Imagine spending 30 years thinking about Offenbach: studying his work, researching his music, and seeking out his lost manuscripts. This has been the remarkable, lifelong focus of the French musicologist and conductor Jean-Christophe Keck. His tenacious passion was resoundingly justified on Sunday night, when we were treated to a single, live, concert performance of Fantasio at Southbank Centre, the electrifying culmination of a series of recording sessions by Opera Rara which will ensure this neglected opéra comique remains hidden no longer. The sooner it enters the regular repertoire, the better: many more audiences deserve to be enchanted by this wily, tender philosopher-student lover and his endearing Princess.

Jacques Offenbach, by Félix Nadar
Jacques Offenbach, by Félix Nadar
Fantasio, musically, is ravishing. Sir Mark Elder conjures an incredibly clear, bright, sharply accurate sound from the Orchestra of the Age of Enlightenment, who play with lyrical freshness and absolute precision: it is easily one of the most special things I have heard this year. The overture is full of beautiful, crisp, lucid, fairytale sounds, creating well-rounded harmonies. In the pre-performance talk, Elder suggested we listen out particularly for Offenbach’s innovative use of the harp and the clarinets; alongside many other treats, this tip repays close attention. The opera is delightfully paced and delicately balanced throughout: the sound is flowing, elegant, and full of narrative romance and drama, with contrasting light and shade. The three acts are each unique in tone, but work brilliantly together, making for an evening peppered with comedy, suspense, disguise and finally fulfilment. Without ever being saccharine or kitsch, this music is genuinely charming; within the first few scenes, I found myself already thinking it will make a perfect Glyndebourne (or any other festival) opera.

The singing was excellent, most particularly a stellar performance from Brenda Rae as the young Princess Elsbeth. It is not always easy to bring an opera to life in a concert performance, but Rae’s magnetic stage presence, and total immersion in her character, ensured Elsbeth is very real at all times. Rae apparently sang the role at short notice, but her performance was so relaxed, assured and joyous that we simply could not have guessed she came in at the last minute. She also has the happy gift of being able to remain in character and look entirely natural while others are singing their parts: an especial pleasure. Her liquid soprano balances beautifully with Sarah Connolly’s gentle mezzo as Fantasio, bringing balance and contrast to their breathtaking duets. The Opera Rara Chorus create a soft, magical backdrop. Russell Braun and Robert Murray are hilarious as the sharp-suited Italian Prince of Mantua and his overenthusiastic, fawning sidekick. Brindley Sherratt is a majestic and paternal King. Victoria Simmonds is excellent as Flamel. Neal Davies (Sparck), Aled Hall (Facio) and Gavan Ring (Hartmann) are raucous but sonorous students – obsessed with drinking, with one of my favourite lines from the libretto rousing their party spirit: “Come on, Sparck! Let’s get our teeth into the moon!” Stealing the show altogether were two fine (and hilarious) cameos by Sir Mark Elder himself, who joined in the performance while conducting, in two small parts: not only a maestro but also a virtuoso comic actor!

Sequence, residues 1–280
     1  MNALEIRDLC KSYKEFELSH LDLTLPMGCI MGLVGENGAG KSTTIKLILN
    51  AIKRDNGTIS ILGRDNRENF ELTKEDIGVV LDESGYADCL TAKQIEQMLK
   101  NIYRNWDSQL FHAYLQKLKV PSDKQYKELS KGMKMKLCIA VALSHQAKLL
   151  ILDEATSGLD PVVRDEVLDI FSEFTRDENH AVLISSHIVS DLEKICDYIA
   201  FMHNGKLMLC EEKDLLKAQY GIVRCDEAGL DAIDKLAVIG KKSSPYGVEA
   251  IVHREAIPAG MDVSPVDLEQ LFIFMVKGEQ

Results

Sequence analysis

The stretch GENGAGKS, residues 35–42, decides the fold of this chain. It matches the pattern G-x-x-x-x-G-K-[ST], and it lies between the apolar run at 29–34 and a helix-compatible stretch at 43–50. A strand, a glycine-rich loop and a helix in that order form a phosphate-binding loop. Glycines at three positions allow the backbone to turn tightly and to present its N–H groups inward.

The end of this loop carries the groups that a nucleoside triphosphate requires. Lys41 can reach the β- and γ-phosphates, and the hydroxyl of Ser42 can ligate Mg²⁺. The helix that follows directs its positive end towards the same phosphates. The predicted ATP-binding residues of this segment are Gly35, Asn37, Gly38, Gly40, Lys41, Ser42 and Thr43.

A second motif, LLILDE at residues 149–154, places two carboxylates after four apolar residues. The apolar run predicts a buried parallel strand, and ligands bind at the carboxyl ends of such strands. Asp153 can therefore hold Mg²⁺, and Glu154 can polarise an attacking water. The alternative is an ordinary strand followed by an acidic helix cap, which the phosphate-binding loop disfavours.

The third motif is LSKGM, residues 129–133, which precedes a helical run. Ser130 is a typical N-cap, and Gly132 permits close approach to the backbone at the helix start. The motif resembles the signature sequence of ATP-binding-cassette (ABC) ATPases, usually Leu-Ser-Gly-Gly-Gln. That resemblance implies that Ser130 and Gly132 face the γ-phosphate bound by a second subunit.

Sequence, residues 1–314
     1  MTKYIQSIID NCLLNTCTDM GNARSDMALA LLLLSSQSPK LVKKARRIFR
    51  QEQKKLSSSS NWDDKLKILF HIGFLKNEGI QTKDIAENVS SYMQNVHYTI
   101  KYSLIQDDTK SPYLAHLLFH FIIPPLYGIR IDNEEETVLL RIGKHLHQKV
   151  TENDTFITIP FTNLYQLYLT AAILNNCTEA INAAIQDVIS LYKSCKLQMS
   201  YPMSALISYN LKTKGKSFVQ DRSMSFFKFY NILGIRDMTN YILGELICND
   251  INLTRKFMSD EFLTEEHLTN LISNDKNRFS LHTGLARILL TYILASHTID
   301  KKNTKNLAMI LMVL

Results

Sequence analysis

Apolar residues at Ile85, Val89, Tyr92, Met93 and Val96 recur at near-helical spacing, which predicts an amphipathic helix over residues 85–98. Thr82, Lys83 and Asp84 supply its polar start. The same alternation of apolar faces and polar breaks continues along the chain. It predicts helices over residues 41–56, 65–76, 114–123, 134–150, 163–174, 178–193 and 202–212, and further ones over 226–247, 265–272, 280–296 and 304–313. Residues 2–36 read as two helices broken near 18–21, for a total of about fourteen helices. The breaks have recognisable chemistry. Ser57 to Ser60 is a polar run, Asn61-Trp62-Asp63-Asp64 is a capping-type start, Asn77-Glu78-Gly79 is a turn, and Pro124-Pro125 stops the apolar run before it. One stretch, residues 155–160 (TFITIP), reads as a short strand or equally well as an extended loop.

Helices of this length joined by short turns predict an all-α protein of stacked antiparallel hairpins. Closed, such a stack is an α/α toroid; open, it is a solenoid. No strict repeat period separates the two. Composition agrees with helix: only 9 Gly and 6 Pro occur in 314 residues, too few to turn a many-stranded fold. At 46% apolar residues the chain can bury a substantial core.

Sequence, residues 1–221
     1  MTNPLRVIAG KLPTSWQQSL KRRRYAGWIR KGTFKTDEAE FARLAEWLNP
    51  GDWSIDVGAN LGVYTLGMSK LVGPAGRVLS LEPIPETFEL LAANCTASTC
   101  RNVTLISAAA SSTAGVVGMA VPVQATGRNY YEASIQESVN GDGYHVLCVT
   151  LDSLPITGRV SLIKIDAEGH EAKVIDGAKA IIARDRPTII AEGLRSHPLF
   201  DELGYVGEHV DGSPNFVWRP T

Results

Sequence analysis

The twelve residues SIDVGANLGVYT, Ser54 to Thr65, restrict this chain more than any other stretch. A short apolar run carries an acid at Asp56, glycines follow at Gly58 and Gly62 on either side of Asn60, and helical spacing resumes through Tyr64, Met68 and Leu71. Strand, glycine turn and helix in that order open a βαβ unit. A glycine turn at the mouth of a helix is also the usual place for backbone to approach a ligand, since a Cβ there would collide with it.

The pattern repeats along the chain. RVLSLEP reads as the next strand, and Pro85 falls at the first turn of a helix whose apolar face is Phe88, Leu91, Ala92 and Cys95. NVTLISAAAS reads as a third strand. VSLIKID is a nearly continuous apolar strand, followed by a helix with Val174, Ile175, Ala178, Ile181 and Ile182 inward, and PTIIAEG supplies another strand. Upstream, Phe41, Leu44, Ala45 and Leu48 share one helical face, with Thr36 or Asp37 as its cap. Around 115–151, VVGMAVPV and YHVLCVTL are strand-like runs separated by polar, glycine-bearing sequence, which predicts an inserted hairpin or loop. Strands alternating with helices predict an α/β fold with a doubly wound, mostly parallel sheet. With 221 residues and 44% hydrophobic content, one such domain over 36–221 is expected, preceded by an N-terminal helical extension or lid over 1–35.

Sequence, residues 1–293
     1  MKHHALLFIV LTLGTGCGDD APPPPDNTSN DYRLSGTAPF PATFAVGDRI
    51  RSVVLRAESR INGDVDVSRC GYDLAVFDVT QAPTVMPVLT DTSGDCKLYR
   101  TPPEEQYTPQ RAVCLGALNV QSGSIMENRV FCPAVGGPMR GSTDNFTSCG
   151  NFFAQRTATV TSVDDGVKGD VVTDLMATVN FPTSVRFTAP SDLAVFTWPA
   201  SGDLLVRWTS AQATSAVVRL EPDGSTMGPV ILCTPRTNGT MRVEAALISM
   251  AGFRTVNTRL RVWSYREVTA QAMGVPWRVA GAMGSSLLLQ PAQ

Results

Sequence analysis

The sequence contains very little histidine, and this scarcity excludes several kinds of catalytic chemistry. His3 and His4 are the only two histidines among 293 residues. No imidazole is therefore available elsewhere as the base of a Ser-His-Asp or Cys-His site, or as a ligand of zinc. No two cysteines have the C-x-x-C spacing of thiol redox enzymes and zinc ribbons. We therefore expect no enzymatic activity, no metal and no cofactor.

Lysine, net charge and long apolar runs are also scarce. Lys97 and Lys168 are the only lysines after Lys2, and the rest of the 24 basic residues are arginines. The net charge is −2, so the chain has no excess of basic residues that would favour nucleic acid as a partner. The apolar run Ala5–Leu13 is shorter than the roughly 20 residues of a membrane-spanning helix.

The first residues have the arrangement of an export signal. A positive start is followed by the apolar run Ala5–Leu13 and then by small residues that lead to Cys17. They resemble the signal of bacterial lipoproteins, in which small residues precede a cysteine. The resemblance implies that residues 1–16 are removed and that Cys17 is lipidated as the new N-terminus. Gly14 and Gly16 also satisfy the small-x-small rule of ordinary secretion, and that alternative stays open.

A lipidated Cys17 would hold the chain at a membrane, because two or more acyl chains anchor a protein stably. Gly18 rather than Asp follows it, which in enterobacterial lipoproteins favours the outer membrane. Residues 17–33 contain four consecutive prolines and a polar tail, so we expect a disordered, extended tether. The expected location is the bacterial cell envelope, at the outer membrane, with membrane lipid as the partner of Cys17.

The libretto is a lyrical delight, either in French on stage or in Jonathan Burton’s well-made surtitles (in which Princess Elsbeth is “as wayward as a wagtail”). Thanks to the efforts of Nicole Tibbels, the French coach, and Agathe Mélinand as dramaturg, the French sounds authentic and the comedy moves as fast in the spoken exchanges as in the sung ones. So much care, thought and effort has been put into this production: the quality shows in every note.

Originally, Fantasio was a tenor role; when the tenor he had originally booked for the opera’s première in 1872 accepted another role in America, letting him down, Offenbach re-scored the entire opera to transform Fantasio into a “trouser” mezzo. This was just the first of many hitches: the Franco-Prussian war delayed the première by two years; the initial run in Paris was only given ten performances before being dropped, much to Offenbach’s disappointment (and fury); manuscripts were mislaid... Fantasio risked slipping silently into the abyss of lost good ideas which threatens any work of art misinterpreted in its own time. The supreme irony is that Offenbach wasn’t trying to be controversial: indeed, he dedicated Fantasio to the notoriously conservative critic Eduard Hanslick, whose violent opposition to “the music of the future” – as pioneered by Wagner, Liszt and other progressives – was well known. Unfortunately, the unpalatable bit of Fantasio was Offenbach himself: his close association with Napoleon III and his German birth left him in a difficult social and political position in Paris during the Franco-Prussian war. Fantasio seems to have been, therefore, an unlucky and undeserving victim of anti-Offenbach sentiments in Paris in the early 1870s.

Thanks to Jean-Christophe Keck, however, this lovable rogue and incurable romantic – whose story blends Cyrano de Bergerac with comic misperceptions and fairytale romance, sparkling throughout with musical gems – is back with us for good.